The utilization of low-phytate crops for food has many disadvantages. First of all, the mineral content is much lower than the wild type varieties. Phytic acid forms complexes with metal ions and plants store the minerals in the form of these chelates in the endosperm. Low levels of phytic acid in the seed lead to reduced levels of mineral content. Hence, these crops may not be a good source of minerals and the consumption of food that is made using low phytate seeds may lead to mineral deficiency. However, Hambridge et al. (2004) reported that zinc absorption from low phytate corn was significantly higher than that with wild-type varieties.
Another disadvantage of low-phytate crops is yield. The yields from low-phytate crops are very low compared to their wild type counterparts. This may lead to increase in per-capita expenditure on food.
In order to address these problems, scientists developed transgenic plants that express phytase. The phytase hydrolyses the phytic acid that is formed during seed development and releases the mineral content and proteins. This hydrolysis also leads to formation of inositol phosphates that act as anti-cancer agents (Ishizuka, 2011). These transgenic plants with phytase may catch the recent trends in food consumption i.e. increasing interest in functional foods and nutraceuticals.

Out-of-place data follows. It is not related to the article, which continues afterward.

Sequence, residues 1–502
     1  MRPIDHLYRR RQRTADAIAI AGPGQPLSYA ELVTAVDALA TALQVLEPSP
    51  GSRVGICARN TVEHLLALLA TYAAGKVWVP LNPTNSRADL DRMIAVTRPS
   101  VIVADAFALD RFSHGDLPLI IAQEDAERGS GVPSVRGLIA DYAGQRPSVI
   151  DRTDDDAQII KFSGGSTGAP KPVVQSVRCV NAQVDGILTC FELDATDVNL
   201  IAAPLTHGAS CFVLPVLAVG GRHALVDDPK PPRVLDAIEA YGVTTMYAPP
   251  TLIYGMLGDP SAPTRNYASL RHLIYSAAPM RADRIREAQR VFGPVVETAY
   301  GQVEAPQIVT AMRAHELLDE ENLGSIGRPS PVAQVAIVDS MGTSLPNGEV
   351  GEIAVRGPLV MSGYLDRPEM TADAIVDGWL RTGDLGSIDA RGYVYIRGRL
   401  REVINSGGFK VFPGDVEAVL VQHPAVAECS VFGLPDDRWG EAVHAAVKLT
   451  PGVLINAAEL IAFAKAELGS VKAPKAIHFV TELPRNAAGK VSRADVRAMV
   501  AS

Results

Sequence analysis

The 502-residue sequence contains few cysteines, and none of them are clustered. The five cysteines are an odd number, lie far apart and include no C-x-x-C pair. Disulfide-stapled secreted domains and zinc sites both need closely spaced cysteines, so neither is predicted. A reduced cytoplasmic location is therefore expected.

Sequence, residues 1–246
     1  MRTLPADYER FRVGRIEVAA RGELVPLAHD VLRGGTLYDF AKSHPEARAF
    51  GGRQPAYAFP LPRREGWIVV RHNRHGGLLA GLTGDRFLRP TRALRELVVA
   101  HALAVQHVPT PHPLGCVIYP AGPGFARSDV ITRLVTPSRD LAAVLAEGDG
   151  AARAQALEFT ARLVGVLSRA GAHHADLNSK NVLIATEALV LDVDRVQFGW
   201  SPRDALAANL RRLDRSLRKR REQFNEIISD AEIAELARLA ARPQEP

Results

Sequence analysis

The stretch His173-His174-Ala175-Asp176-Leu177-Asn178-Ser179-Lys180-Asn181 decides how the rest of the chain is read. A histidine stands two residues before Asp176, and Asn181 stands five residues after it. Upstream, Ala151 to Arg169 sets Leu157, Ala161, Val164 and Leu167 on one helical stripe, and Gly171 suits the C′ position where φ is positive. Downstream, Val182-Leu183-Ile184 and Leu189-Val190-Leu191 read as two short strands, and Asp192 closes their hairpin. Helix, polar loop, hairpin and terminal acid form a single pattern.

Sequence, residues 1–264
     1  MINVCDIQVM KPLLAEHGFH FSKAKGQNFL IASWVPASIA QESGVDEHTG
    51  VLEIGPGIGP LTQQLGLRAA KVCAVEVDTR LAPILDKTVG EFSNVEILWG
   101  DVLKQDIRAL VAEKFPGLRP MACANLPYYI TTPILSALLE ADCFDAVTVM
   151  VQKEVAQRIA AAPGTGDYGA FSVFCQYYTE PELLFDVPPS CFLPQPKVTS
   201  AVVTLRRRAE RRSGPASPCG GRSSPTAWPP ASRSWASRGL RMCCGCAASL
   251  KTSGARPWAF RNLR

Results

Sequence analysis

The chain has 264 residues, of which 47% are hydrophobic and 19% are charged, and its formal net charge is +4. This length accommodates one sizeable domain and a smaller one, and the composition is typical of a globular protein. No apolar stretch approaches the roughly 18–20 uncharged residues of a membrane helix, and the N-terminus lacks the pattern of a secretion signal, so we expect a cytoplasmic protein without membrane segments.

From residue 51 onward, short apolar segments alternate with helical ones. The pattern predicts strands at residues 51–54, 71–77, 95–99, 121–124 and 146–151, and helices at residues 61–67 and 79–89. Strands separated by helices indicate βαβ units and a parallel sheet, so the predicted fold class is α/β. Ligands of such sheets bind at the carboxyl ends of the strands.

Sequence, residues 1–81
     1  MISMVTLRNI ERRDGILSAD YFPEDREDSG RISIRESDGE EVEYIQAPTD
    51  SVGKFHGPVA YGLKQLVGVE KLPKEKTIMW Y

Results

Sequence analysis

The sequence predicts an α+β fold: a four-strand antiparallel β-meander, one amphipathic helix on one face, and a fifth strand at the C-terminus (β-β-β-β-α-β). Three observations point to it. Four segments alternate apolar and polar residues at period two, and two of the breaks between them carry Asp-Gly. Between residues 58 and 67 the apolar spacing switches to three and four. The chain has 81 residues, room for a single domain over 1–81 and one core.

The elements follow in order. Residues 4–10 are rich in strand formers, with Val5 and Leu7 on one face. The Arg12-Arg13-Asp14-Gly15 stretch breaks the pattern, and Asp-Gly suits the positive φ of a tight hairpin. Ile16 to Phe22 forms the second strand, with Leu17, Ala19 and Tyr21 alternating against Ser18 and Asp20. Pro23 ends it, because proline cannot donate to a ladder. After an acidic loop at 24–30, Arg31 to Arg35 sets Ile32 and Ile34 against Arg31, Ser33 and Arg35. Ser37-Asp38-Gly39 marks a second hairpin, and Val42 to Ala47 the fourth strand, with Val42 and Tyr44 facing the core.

Fig. 2 Targets for reducing phytic acid levels in seeds (Raboy, 2007).
Phytic acid acts as an anti-nutritional factor in several ways. Modern biotechnological approaches lead to development of phytase and transgenic plants with lower phytate levels. Supplementation of phytase to the diets improves the bioavailability of proteins and minerals.
Genetically modified low phytic acid crops have the potential to serve as a choice for the replacement of phytate rich food. However, some more research should be carried out to further our understanding the molecular clues of phytic acid accumulation during seed development and also to know the negative and positive effects of dietary phytic acid on human health (Mendoza, 2002)